Post-debate reflections – Arnold Cassola

Listening to Tuesday’s debate in the European Parliament was painful.  An even harsher replica of the first debate on Malta a few months ago. As a Maltese citizen, having to witness such a barrage against my country sent shivers down my spine.

The 466 votes in favour, 49 against and 160 abstentions, condemning my country, simply said it all: politicians of all hues and shades believe that the rule of law in Malta is not functioning properly.

Did we have to get to this point?

Unfortunately, it is useless blaming the world for its perception of affairs in Malta. The self-defensive approach adopted by MEP Marlene Mizzi, accusing the world of conspiring against Malta, was such a pathetic scene to witness.

Mizzi should know that the damage caused to our country’s image has been self-inflicted since the writing has been on the wall for ages, and the Maltese authorities have willingly stuck their head in the sand, believing no one would notice.

It simply does not work like this in politics.

Unfortunately, the spotlight has been on Malta for the wrong reasons for quite some time now.

In July of 2015, a number of members of the Calabrian mafia were arrested in Malta, but only on the strength of arrest warrants issued by Italy. It would seem there was no independent investigation by Maltese authorities.

These Ndranghetari were making use of Maltese fiduciary companies to launder their dirty money through igaming.

In March 2016, we had Konrad Mizzi and Keith Schembri involved in the Panama Papers revelations. Prime Minister Joseph Muscat, inexplicably and senselessly, defends them to the marrow.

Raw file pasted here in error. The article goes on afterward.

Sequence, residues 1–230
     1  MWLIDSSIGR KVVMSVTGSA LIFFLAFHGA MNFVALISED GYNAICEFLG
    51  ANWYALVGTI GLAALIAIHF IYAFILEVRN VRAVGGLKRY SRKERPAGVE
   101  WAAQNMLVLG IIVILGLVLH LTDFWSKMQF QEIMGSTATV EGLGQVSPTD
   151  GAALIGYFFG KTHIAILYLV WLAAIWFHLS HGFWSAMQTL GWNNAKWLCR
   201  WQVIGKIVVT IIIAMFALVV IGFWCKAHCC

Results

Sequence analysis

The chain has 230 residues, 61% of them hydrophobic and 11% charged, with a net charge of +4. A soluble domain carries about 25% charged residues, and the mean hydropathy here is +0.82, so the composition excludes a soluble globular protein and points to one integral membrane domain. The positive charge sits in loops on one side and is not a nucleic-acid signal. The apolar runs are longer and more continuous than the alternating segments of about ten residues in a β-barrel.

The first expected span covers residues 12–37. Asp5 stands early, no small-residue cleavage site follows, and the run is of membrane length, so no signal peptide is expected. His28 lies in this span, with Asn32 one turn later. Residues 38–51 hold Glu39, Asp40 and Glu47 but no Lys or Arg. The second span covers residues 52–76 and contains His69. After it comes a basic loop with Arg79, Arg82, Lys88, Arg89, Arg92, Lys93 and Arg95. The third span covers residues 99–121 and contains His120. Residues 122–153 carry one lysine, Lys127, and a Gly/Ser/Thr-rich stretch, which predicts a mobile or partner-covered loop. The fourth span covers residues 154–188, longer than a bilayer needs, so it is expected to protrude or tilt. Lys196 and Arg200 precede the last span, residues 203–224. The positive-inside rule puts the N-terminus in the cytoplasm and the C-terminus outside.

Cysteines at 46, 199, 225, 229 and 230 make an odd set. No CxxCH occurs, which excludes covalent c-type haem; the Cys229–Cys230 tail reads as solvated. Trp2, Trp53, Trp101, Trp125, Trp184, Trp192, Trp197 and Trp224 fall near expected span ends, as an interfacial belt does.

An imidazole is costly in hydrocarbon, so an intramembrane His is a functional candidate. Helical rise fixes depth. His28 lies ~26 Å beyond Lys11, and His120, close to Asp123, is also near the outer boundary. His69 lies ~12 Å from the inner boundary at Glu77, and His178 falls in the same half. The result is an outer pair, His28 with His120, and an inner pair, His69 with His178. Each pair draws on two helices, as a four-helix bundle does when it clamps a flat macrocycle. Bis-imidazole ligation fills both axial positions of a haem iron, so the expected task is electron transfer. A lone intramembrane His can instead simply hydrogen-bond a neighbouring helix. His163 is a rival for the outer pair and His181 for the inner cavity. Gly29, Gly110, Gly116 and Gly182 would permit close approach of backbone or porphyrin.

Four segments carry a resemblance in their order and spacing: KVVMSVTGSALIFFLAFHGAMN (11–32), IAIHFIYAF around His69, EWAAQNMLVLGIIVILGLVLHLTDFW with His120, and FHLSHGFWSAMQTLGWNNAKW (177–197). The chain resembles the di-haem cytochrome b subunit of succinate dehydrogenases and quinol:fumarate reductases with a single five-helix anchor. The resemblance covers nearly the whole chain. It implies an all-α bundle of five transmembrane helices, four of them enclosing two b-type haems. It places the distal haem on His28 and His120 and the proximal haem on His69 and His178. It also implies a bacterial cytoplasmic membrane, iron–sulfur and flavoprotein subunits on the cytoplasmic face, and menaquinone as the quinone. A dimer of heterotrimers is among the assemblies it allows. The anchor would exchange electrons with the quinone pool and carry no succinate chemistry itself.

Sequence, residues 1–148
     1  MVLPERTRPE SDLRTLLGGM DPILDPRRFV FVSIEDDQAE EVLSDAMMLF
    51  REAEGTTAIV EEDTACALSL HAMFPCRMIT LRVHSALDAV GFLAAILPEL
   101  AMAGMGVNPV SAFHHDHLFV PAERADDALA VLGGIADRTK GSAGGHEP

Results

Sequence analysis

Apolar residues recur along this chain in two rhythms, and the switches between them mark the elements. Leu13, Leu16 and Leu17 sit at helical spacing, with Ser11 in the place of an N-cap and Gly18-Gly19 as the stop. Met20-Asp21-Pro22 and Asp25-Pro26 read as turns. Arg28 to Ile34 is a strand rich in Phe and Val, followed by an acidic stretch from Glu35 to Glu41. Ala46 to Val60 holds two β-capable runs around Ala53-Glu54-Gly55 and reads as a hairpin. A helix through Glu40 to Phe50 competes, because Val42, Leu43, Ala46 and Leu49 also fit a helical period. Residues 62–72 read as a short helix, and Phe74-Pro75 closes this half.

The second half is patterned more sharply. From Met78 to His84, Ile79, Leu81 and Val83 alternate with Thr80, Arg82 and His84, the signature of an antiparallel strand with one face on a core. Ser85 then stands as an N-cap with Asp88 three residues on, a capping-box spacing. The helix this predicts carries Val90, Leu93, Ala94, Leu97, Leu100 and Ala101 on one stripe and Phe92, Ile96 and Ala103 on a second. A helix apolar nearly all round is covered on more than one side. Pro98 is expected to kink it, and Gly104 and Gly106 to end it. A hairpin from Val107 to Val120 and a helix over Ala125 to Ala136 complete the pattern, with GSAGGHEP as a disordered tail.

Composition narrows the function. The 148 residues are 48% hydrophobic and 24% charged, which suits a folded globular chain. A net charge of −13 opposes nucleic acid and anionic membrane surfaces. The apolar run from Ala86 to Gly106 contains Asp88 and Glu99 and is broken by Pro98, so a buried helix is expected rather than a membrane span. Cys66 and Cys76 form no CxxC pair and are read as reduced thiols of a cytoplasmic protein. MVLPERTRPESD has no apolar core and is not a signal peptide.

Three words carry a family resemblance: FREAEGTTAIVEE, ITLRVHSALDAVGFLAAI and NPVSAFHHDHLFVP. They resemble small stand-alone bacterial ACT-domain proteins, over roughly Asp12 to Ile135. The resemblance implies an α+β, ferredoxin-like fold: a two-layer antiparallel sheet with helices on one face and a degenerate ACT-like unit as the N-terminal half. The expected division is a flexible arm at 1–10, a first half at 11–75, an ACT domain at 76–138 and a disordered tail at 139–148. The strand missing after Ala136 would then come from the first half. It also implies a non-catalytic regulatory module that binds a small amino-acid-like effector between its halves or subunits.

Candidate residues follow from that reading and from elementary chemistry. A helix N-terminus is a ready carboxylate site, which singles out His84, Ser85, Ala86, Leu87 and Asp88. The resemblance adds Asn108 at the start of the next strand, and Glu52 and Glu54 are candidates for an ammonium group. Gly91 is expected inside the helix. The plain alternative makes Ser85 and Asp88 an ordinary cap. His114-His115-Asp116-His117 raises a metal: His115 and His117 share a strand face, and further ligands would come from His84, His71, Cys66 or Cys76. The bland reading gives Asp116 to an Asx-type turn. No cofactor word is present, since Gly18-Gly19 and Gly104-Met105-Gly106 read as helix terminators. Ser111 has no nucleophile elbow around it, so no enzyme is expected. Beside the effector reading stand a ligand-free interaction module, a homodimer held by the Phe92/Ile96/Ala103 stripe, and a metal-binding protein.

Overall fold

The scandalous conflict of interest of Joe Bannister, MFSA chairman and deputy chairman of Finance Malta at the same time, is systematically ignored by Muscat.

Why? Because Bannister is Dalli’s man?

The revelations on Pilatus Bank’s association with Azerbaijan money is made known to the world and the lack of action on the part of Muscat’s government remains a mystery.

The arrest by the Italians of the Debonos involved in the ‘Dirty Oil’ diesel smuggling from Libya hits the news. We had long known about it. But the Maltese authorities did nothing about it.

And yet, when I read the Italian magistrate’s 280-page report, I see that there are at least another 11 Maltese mentioned in the whole affair. Maltese omertà?

To crown it all, the mysterious Maltese professor (true or fake?) Joseph Mifsud, former consultant to ministers Evarist Bartolo and Michael Frendo, hits the world news in the Donald Trump-Russia email leak affair.

The cherry on the cake was Daphne Caruana Galizia’s brutal assassination organised by the hidden powers of Malta.

Political? Financial? Diesel smugglers? Drug traffickers? Azeri accomplices?

Who knows!

In view of all this international spotlight on Malta, how does Muscat’s government react? Does it take a pro-active commitment, promising to ensure that the loopholes in our financial services set-up will be immediately redressed?

Of course not.

“We will defend our systems tooth and nail,” says Muscat, abetted and supported by Adrian Delia and Co.

And when the European Parliament commemorates Daphne Caruana Galizia, Muscat cynically flies off to Dubai to sell Henley’s passports. And on the day the European Parliament debates rule of law in Malta, he flies off to Hong Kong to make Henley even richer.

Prime Minister, while you might have been enjoying your couscous in Dubai or your sweet and sour pork in Hong Kong, my country, and us Maltese citizens, were being thrown to the dogs.

Your cynical behaviour is certainly a bitter pill to swallow for us all.

So, stop blaming others for your lack of action when you were supposed to act. Get your act together, if you have any respect for your country and citizens.

As for Adrian Delia and Co., stop playing games: walking out of parliament is certainly no contribution to bettering the comatose state of the ethical and moral standards of Maltese politics.

Arnold Cassola
Published on the Times of Malta​ – 18 November 2017